The Downside to Bigger

By David Morgenstern  |  Posted 2006-10-17 Print this article Print

Drives"> On the enterprise front, are drive makers addressing technologies that could help drives destined for use in servers, desktops and aftermarket NAS (network-attached storage) to survive mishandling? Drives aimed at laptops and portable applications have improved, but I get the willies sometimes when I see users treating larger drives like floppies. At the same time, we face a fundamental question: Do we always need more capacity? Is more capacity needed for every application, on every server and on every client system?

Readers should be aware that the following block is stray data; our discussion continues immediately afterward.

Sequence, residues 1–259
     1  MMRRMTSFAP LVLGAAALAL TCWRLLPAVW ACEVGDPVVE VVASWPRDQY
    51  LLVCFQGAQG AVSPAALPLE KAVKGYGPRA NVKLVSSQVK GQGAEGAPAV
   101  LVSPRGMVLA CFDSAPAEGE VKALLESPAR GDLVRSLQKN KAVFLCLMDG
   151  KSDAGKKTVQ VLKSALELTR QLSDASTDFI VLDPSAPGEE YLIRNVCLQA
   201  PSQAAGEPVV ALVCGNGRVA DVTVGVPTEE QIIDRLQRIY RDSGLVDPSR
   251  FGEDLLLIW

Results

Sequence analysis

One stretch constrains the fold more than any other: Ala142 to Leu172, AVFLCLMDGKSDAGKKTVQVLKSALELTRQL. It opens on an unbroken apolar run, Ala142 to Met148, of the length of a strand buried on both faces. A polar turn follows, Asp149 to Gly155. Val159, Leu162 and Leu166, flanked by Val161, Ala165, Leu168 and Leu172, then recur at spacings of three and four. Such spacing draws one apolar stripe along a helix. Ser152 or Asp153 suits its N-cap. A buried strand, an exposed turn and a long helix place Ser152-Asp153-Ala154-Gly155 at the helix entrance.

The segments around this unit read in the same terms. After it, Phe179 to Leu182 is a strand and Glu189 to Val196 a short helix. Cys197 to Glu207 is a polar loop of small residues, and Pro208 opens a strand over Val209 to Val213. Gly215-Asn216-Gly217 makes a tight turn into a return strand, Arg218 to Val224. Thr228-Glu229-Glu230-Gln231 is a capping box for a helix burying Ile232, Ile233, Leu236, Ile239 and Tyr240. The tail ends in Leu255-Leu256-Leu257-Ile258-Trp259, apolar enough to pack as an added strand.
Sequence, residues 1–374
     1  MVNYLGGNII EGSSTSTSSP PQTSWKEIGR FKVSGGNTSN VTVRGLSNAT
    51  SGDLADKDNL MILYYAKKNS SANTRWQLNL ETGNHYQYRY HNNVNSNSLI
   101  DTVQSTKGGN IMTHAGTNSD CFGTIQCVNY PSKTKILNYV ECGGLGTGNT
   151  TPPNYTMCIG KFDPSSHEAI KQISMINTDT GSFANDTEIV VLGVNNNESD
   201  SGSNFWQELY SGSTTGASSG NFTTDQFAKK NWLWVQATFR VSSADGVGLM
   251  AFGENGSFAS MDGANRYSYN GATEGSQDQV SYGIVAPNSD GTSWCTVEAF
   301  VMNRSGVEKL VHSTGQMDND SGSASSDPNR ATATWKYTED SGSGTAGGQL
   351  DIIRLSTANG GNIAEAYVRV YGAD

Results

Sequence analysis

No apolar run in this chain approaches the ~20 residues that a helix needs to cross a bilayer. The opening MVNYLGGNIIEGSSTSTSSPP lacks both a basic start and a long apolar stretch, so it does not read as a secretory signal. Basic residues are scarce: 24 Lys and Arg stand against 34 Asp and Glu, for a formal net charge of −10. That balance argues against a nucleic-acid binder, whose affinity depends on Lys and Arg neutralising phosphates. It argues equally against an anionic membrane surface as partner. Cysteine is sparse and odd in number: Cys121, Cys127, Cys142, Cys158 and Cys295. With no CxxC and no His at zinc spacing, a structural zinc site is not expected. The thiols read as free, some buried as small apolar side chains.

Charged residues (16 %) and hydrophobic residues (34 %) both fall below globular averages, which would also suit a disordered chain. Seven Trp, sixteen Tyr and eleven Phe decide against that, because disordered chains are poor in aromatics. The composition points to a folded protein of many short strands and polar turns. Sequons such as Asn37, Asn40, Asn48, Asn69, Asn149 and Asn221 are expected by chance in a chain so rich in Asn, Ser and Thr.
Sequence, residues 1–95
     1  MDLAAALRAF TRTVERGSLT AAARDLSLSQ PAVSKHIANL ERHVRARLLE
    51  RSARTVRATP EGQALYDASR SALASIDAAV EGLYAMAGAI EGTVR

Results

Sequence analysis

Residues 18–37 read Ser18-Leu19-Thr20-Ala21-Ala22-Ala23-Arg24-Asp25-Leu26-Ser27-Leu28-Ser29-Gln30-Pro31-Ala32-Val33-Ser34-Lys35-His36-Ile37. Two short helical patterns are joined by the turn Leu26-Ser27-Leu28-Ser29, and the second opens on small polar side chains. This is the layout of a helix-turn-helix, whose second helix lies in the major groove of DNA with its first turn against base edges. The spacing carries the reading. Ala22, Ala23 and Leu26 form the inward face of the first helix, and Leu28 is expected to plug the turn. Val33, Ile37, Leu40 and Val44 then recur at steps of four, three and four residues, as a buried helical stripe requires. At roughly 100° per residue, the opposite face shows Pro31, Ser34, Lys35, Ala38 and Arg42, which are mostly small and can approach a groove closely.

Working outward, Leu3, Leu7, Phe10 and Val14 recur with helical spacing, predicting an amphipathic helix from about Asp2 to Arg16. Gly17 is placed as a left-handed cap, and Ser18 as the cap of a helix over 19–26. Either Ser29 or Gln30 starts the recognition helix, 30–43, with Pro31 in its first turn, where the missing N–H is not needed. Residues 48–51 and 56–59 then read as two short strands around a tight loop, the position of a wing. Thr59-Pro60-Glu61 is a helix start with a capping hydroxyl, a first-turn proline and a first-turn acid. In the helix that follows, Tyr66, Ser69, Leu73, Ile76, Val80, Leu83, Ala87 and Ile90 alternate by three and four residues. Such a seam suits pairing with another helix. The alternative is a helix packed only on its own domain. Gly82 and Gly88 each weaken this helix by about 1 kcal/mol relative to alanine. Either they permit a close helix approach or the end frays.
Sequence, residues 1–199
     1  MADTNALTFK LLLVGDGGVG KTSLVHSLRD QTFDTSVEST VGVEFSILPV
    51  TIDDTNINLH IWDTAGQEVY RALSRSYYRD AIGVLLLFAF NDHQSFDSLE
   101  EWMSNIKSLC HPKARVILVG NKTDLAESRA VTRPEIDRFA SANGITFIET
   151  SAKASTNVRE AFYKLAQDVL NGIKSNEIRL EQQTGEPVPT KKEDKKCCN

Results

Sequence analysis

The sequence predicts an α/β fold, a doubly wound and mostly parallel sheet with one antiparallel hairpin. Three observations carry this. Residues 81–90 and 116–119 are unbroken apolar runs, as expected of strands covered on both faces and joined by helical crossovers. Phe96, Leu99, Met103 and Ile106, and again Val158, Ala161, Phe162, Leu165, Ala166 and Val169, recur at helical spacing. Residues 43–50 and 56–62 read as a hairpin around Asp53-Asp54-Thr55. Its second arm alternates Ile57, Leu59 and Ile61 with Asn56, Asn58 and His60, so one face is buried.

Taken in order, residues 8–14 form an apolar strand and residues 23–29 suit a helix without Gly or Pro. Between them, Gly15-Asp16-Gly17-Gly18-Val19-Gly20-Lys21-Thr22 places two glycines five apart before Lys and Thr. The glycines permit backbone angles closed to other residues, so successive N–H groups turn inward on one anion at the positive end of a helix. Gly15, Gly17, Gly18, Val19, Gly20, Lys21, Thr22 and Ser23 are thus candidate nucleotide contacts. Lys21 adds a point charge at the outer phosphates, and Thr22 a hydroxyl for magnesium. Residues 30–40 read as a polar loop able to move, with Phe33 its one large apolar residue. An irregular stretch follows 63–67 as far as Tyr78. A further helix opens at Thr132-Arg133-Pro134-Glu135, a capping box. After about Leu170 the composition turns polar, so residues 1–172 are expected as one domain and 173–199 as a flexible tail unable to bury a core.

For example, the entry point for a 2.5-inch notebook drive is 40GB nowadays. A good example is Seagates MobileMax family of drives, which spans 40GB to 80GB. But that entry point will climb over time.